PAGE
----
The worst way to answer 'What are your weaknesses?' according to a 25-year hiring pro

Fg Trade | E+ | Getty Images

Acing a job interview is all about making a good first impression, and one big way to miss the mark is to answer an age-old question with a cliche.

Responding to the question "what are your weaknesses?" by painting yourself as a perfectionist or a workaholic will likely prompt an eyeroll from Tom Gimbel, CEO of the staffing agency LaSalle Network.

"Oh, yeah, that's a real weakness all right," says Gimbel, who says he's extended offers to "hundreds and hundreds" of people during his 25 years in the hiring business. "You want to be perfect and you work all the time. It's a trick answer."

Rather, when Gimbel poses that question to candidates, he's looking for two things: that you're self-aware, and that you have solutions for your shortcomings.

"The real question that employers have is not what your weaknesses are, it's what your solution to compensate for that is," he says.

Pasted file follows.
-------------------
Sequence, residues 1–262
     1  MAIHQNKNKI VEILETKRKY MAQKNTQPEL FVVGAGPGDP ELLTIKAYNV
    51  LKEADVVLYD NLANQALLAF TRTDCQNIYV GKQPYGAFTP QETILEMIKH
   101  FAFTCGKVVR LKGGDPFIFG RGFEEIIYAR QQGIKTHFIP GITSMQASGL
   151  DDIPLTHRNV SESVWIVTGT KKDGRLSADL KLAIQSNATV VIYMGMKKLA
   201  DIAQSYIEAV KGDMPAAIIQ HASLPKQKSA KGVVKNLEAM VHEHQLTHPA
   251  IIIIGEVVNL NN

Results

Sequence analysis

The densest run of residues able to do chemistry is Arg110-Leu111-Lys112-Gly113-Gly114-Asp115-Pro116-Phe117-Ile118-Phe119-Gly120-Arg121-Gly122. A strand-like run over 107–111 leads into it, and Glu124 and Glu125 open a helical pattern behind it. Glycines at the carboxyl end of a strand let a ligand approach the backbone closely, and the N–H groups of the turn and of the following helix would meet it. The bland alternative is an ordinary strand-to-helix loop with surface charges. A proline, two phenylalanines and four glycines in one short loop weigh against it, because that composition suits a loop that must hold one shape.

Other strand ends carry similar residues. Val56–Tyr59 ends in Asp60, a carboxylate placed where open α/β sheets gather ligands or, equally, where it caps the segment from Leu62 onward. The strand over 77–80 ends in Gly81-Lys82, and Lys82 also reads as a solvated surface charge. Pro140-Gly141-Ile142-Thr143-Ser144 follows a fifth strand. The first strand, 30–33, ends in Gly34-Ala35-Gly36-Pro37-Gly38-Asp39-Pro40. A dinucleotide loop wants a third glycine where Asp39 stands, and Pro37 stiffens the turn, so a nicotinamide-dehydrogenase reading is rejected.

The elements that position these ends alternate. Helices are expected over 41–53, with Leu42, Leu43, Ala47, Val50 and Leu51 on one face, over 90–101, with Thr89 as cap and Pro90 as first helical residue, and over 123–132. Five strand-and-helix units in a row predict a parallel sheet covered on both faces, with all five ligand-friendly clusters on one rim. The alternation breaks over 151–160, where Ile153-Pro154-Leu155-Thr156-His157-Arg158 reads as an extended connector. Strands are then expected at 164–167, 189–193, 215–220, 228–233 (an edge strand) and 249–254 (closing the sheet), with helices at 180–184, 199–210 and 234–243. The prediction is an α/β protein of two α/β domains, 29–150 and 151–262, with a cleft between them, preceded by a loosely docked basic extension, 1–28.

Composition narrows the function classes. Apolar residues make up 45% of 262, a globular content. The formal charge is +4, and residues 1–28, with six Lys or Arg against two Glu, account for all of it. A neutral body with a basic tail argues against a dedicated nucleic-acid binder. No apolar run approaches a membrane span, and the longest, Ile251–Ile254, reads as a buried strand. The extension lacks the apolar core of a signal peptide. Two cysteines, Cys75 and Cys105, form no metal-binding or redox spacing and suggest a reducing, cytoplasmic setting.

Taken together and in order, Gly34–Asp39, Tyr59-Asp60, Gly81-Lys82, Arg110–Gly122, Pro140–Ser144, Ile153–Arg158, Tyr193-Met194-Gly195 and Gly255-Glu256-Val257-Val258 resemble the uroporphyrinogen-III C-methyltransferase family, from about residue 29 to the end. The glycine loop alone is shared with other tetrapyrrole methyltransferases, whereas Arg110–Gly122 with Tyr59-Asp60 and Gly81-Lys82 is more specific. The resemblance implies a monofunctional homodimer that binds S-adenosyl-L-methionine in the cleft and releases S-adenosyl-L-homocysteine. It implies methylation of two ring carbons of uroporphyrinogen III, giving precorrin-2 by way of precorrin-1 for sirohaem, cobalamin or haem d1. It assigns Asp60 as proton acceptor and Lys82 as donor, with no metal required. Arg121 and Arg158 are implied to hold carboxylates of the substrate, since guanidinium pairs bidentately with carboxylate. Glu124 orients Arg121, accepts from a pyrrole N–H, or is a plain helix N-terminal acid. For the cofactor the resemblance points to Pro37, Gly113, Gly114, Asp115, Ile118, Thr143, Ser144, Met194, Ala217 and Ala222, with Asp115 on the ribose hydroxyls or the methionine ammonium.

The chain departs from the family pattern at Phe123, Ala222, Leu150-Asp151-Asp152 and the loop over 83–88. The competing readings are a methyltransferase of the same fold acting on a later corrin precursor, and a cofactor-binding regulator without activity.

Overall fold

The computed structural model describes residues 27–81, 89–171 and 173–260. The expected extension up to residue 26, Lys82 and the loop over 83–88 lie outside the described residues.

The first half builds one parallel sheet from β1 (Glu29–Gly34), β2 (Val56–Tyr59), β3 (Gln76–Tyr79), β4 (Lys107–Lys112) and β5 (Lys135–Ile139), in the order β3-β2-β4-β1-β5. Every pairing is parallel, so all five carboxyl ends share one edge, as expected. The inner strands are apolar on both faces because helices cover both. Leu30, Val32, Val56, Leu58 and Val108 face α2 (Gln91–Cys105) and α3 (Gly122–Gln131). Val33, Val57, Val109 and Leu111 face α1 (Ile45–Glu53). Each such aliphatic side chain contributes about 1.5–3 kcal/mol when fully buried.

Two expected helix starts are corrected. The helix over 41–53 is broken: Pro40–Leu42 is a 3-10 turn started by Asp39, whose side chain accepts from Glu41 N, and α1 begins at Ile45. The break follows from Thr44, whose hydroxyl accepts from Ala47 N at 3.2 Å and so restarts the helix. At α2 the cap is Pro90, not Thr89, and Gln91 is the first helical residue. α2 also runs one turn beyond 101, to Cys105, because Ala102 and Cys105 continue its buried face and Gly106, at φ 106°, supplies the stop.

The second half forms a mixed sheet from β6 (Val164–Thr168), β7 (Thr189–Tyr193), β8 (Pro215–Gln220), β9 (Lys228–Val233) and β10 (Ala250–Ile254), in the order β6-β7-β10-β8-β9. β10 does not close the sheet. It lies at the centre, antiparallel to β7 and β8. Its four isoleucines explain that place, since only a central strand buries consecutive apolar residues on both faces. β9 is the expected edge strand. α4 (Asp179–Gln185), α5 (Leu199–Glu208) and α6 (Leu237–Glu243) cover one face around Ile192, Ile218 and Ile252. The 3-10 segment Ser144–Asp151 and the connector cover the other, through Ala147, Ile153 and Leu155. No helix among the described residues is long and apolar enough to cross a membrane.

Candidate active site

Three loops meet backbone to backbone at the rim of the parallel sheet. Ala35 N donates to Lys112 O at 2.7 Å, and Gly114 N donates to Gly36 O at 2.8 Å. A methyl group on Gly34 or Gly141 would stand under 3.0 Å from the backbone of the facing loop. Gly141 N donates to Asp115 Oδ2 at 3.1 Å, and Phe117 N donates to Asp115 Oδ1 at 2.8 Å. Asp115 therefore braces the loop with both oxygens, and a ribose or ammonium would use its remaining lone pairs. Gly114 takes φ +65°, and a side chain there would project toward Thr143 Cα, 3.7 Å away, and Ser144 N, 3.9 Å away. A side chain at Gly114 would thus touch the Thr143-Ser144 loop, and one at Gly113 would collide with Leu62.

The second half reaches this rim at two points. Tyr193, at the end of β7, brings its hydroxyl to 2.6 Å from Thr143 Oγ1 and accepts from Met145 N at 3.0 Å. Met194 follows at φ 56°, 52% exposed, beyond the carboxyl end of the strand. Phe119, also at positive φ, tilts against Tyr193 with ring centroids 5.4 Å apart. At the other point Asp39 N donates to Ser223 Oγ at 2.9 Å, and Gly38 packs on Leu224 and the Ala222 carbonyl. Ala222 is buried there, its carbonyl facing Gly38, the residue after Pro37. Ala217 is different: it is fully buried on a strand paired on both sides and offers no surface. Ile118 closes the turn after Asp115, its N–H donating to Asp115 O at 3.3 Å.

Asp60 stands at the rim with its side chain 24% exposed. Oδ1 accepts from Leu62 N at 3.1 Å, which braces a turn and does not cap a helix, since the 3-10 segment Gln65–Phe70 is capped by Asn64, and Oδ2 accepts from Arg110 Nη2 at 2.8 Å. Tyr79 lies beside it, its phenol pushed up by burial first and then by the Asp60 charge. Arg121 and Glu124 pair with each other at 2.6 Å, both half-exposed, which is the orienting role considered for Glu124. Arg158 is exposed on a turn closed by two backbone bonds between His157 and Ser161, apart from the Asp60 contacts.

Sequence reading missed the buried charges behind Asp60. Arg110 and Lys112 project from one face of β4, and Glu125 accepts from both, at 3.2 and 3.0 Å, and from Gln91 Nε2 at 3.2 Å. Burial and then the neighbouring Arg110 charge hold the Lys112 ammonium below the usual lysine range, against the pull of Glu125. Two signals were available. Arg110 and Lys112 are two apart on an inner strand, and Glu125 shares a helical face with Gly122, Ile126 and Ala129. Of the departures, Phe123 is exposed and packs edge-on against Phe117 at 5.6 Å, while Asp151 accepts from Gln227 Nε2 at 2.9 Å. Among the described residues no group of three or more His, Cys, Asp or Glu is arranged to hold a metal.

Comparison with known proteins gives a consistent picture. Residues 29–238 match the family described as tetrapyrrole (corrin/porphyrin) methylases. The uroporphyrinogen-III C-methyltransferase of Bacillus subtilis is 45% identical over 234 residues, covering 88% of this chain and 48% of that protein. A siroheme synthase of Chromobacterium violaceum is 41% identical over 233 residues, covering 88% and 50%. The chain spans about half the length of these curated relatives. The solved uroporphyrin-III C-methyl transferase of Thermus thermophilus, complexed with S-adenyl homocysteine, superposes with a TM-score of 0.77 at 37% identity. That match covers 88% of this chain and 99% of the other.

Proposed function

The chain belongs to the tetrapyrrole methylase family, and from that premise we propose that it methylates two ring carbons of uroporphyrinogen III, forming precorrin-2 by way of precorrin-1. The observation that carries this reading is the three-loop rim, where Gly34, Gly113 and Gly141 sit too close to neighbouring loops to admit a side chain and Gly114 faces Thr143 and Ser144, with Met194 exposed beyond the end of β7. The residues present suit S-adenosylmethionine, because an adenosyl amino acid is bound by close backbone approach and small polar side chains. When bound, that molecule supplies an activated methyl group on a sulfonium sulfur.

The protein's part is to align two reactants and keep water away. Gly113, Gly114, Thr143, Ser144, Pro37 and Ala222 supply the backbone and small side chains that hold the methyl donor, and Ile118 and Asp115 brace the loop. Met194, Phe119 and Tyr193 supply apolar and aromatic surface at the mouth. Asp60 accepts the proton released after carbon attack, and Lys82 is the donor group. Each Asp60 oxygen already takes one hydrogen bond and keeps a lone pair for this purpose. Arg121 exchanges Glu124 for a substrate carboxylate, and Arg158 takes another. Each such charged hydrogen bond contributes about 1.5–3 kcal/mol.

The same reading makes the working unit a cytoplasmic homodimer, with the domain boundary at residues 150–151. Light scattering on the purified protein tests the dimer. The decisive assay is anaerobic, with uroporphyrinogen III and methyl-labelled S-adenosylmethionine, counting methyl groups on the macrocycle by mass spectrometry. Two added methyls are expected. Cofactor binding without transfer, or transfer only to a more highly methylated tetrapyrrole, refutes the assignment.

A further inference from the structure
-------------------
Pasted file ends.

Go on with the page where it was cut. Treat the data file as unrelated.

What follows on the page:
Here's how to prepare a solid answer: Think about a technical or a soft skills you'd like to improve and how you're actually taking action on it.

For example, you might discuss that you're not as quick on a certain software related to your work, and you've realized you want to take some classes on it. Or, you might point out that you're not a great writer, so you're working with a writing coach or having a mentor proofread your emails.

"That's a weakness solution," Gimbel says. "We all have weaknesses, and we need to admit what we're not good at."

Overall, Gimbel's No. 1 underrated tip for excelling at a job interview comes down to a little humility: "Be honest about what you stink at."

Want to be smarter and more successful with your money, work & life? Sign up for our new newsletter!

Get CNBC's free Warren Buffett Guide to Investing, which distills the billionaire's No. 1 best piece of advice for regular investors, do's and don'ts, and three key investing principles into a clear and simple guidebook.

Check out: The top 15 jobs people most want to quit—No. 1 pays $144,000 a year

How this millennial making $80,000 in Italy and the U.S. spends her money
How this millennial making $80,000 in Italy and the U.S. spends her money